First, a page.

From The Workplace Report with Ancel Glink: Governor Takes On "Fair Share":
On February 9, 2015, Governor Bruce Rauner issued Executive Order 15-13, entitled “Executive Order Respecting State Employees’ Freedom of Speech”. The Executive Order directed the State Department of Central Management Services (“CMS”) and all other State agencies to cease enforcing “fair share” provisions of collective bargaining agreements covering State employees. At the same time, the Governor has filed a pre-emptive “declaratory judgment action” in federal court, asking the court to declare the fair share provisions of the Illinois Public Labor Relations Act (IPLRA) to be unconstitutional, at least as applied to State employees working under the ultimate direction of the Governor. It is interesting to note that a few years back, former Indiana Governor Mitch Daniels executed a similar order. In response to a union challenge, the 7th Circuit, which is the same court that may ultimately hear the present case, upheld Daniel’s action as constitutional.
Under IPLRA, “fair share” is a statutory provision permitting a union and a public employer to include a provision in a collective bargaining agreement whereby the union charges and the employer deducts and remits to the union a “fair share fee” from the paycheck of any member of the bargaining unit who does not authorize the payment of union dues. “Fair share fees” are considered to be payment to the union for contract negotiation and administration and are generally supposed to be calculated as union dues minus costs associated with internal union activities and union political activities.
Fair share fees assessed against public employees were upheld in the face of a constitutional challenge by the United States Supreme Court in the case of Abood v. Detroit Board of Education, 413 U.S. 209 (1977). Recently, however, the Supreme Court ruled by a 5-4 majority in Harris v. Quinn, 134 S.Ct. 2618 (2014) that the Abood decision could not be extended to Illinois home health care aides (“personal assistants”), a category of workers who by state law are considered to be State employees for collective bargaining purposes only.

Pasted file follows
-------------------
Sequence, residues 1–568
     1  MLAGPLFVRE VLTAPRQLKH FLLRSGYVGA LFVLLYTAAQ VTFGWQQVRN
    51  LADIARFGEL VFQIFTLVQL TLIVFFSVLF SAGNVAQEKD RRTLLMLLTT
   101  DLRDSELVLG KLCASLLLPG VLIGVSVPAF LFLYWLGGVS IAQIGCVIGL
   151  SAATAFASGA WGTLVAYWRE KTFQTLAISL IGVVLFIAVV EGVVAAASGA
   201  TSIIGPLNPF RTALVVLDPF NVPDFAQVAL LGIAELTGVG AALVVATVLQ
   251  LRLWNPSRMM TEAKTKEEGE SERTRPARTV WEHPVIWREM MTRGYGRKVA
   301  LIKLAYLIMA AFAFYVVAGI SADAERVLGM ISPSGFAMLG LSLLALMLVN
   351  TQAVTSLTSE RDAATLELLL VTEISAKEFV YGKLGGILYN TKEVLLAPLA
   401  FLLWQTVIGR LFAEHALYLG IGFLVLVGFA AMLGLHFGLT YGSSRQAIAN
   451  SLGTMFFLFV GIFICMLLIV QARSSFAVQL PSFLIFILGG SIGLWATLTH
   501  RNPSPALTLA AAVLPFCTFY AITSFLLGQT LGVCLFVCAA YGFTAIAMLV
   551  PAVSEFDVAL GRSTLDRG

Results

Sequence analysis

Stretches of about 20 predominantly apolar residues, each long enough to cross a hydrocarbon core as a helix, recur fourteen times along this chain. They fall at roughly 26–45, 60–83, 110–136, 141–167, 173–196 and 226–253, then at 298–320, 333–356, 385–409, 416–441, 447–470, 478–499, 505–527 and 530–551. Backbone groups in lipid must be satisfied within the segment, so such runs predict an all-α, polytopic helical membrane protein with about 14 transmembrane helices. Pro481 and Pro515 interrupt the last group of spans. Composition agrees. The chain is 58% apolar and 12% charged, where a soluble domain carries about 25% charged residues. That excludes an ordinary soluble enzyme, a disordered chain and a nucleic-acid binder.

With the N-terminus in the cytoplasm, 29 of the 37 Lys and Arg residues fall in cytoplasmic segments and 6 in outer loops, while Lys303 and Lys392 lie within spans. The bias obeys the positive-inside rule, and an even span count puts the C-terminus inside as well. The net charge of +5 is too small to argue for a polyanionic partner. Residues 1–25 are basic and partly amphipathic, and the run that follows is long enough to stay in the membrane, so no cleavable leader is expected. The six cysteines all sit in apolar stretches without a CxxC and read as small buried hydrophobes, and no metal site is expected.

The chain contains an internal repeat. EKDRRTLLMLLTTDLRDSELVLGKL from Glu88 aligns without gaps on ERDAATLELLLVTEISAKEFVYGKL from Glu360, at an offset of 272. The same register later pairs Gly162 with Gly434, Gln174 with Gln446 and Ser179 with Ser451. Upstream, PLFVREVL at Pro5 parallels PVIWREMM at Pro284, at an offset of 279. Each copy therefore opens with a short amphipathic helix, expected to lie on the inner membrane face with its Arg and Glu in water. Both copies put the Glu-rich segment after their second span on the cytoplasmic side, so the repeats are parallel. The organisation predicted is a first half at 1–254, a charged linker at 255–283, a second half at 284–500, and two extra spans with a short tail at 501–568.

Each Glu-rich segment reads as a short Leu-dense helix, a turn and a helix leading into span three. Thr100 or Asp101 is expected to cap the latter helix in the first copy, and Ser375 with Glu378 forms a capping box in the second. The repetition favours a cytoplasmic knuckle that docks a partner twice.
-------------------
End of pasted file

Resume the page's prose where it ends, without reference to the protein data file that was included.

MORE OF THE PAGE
Executive Order 15-13 is founded on the Harris decision, and particularly on criticisms of the Abood decision contained in the opinion of the Court wherein the Court labeled the Abood decision an “anomaly” and called the analysis supporting it “questionable on several grounds”. Based on the Governor’s reading of Harris, the Executive Order contends that fair share fees are a violation of the “bedrock principle” embedded in the First Amendment “that ‘no person in this country may be compelled to subsidize speech by a third party that he or she does not wish to support’ because ‘compelled funding of the speech of other private speakers or groups presents the same dangers as compelled speech’.”
Predictably, Illinois public sector unions have criticized the Executive Order as “a blatantly illegal use of power”, and have suggested that the Governor is simply seeking leverage at the bargaining table in upcoming negotiations with unions representing State employees. The Governor, however, said that he was “doing the right thing – the fair thing for the people of Illinois”.
The Executive Order affects State employees, but not local government employees who are covered by IPLRA or IELRA. Therefore, local government employers must continue to honor collective bargaining provisions requiring them to collect and remit fair share fees, although a court decision affecting fair share fees for State employees ultimately may affect the legality of fair share fees for local government employees.
It is unknown how long it may be before a definitive court decision is reached on fair share fees. It seems highly likely, at this very early stage of proceedings, that the case concerning the legality or illegality of the Executive Order ultimately will be presented to the United States Supreme Court. And it also seems reasonable to predict that the outcome of the case will depend on the composition of the Court at the time the case is presented.
Rauner has not hidden his opinion that the power of public employee unions must be restricted as one step in repairing the dire financial situation of the state. It’s no secret that he will likely take a page from Scott Walker’s book in Wisconsin as well as from Michigan and Indiana in attempting to restrict the bargaining rights of public employees to save money. His Executive Order may be the easiest step in that quest though as he would have to break the long and close bond between Illinois legislators and unions to achieve his goal. It’s going to be an interesting four years.
Originally posted by Don Anderson on The Workplace Report with Ancel Glink